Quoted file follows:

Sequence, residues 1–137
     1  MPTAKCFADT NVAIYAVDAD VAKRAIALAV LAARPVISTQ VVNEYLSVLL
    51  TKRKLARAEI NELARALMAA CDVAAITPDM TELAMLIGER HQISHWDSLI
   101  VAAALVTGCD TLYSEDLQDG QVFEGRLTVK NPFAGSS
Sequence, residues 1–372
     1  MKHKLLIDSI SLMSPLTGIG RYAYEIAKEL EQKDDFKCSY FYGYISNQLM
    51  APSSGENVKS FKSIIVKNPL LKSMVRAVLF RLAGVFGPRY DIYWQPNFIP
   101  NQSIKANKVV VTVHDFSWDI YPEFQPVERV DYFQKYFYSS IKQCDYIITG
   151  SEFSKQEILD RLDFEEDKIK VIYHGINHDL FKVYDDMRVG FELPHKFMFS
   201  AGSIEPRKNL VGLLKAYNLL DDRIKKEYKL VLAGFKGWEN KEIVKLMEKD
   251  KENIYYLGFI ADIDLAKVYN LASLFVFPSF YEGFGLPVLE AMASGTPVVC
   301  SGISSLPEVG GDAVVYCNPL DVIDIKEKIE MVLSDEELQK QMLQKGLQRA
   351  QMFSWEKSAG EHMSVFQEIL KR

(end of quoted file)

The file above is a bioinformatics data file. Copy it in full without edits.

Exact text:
Sequence, residues 1–137
     1  MPTAKCFADT NVAIYAVDAD VAKRAIALAV LAARPVISTQ VVNEYLSVLL
    51  TKRKLARAEI NELARALMAA CDVAAITPDM TELAMLIGER HQISHWDSLI
   101  VAAALVTGCD TLYSEDLQDG QVFEGRLTVK NPFAGSS
Sequence, residues 1–372
     1  MKHKLLIDSI SLMSPLTGIG RYAYEIAKEL EQKDDFKCSY FYGYISNQLM
    51  APSSGENVKS FKSIIVKNPL LKSMVRAVLF RLAGVFGPRY DIYWQPNFIP
   101  NQSIKANKVV VTVHDFSWDI YPEFQPVERV DYFQKYFYSS IKQCDYIITG
   151  SEFSKQEILD RLDFEEDKIK VIYHGINHDL FKVYDDMRVG FELPHKFMFS
   201  AGSIEPRKNL VGLLKAYNLL DDRIKKEYKL VLAGFKGWEN KEIVKLMEKD
   251  KENIYYLGFI ADIDLAKVYN LASLFVFPSF YEGFGLPVLE AMASGTPVVC
   301  SGISSLPEVG GDAVVYCNPL DVIDIKEKIE MVLSDEELQK QMLQKGLQRA
   351  QMFSWEKSAG EHMSVFQEIL KR